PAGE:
Tasty Sandwich Shop

The Tasty Sandwich Shop, sometimes referred to as “The Tasty”, was a restaurant that operated from 1916 to 1997 near the intersection of JFK Street and Brattle Street, at the center of Harvard Square, in Cambridge, Massachusetts. It was housed in the Read Block building, the site of the home of colonial poet Anne Bradstreet; the Tasty closed in 1997, after 81 years in business, was replaced by the chain stores Abercrombie & Fitch and Pacific Sunwear Citizens Bank and, the current occupant, a CVS Pharmacy. The Tasty was a tiny one-room diner and lunch counter, its customer area no more than seven feet wide and thirty feet deep, with a narrow counter made of yellow linoleum. A Harvard Business School student once deemed it “the most profitable restaurant in New England per sq ft“, at 210 sq ft; the Tasty had 14 stools. On busy nights it would be crammed with 60-80 people at a time. On these nights between 300–400 burgers were served between the hours of midnight and 4.00 AM. A large map, studded with pins, covered the back wall of the diner and claimed to pinpoint the origins of postcards from customers over the years.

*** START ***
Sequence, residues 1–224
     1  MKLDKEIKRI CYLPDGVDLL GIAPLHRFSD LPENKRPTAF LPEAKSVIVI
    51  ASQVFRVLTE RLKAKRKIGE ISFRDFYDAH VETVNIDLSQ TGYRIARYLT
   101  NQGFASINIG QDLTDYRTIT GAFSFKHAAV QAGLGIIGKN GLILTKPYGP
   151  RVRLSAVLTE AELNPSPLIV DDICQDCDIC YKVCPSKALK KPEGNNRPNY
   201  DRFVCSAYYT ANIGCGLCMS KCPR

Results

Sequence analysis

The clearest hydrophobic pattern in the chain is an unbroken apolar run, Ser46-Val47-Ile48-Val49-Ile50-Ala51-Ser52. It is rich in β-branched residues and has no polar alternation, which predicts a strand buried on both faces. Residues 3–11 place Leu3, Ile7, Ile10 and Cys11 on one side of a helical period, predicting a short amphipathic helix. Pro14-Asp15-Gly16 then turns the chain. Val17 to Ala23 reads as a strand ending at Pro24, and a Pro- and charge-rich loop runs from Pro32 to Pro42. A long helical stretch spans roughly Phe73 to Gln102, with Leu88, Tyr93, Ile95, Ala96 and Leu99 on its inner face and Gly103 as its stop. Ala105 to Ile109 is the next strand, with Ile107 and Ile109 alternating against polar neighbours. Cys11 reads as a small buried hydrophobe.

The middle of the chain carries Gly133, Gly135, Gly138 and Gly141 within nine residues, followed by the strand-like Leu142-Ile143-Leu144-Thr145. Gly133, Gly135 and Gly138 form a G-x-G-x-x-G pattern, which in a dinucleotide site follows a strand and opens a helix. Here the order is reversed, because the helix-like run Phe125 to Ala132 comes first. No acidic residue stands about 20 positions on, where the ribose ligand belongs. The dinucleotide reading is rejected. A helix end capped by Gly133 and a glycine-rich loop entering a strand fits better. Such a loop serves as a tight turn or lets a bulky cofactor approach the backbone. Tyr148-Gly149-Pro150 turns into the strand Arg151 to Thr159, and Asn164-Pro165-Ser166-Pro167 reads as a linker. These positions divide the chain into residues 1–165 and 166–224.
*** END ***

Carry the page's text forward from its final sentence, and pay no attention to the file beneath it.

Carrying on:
In keeping with the informal atmosphere of the diner — where the cooks, including Tom Sweet, who managed The Tasty on the graveyard shift until the summer of 1976, chef Charlie Coney — were sometimes compared to bartenders and chatted with customers. By the end of its existence, The Tasty had attracted both long-time residents and, by virtue both of its proximity to Harvard Yard and its late opening hours, numerous students from Harvard University, had become one of the few places where students and residents, residents from different social and economic classes, mixed informally. According to one historian, “you could sit next to a professor on your left, a homeless person on your right.” The Tasty was referred to in the press as a “local landmark” or “institution”, was immortalized in film during a scene in Good Will Hunting. It was used in a scene during Love Story, Harvard’s Erich Segal’s story of a privileged Harvard Law School student and his plain brown wrapper girlfriend, it is the subject of a 2005 documentary, Touching History, by Federico Muchnik.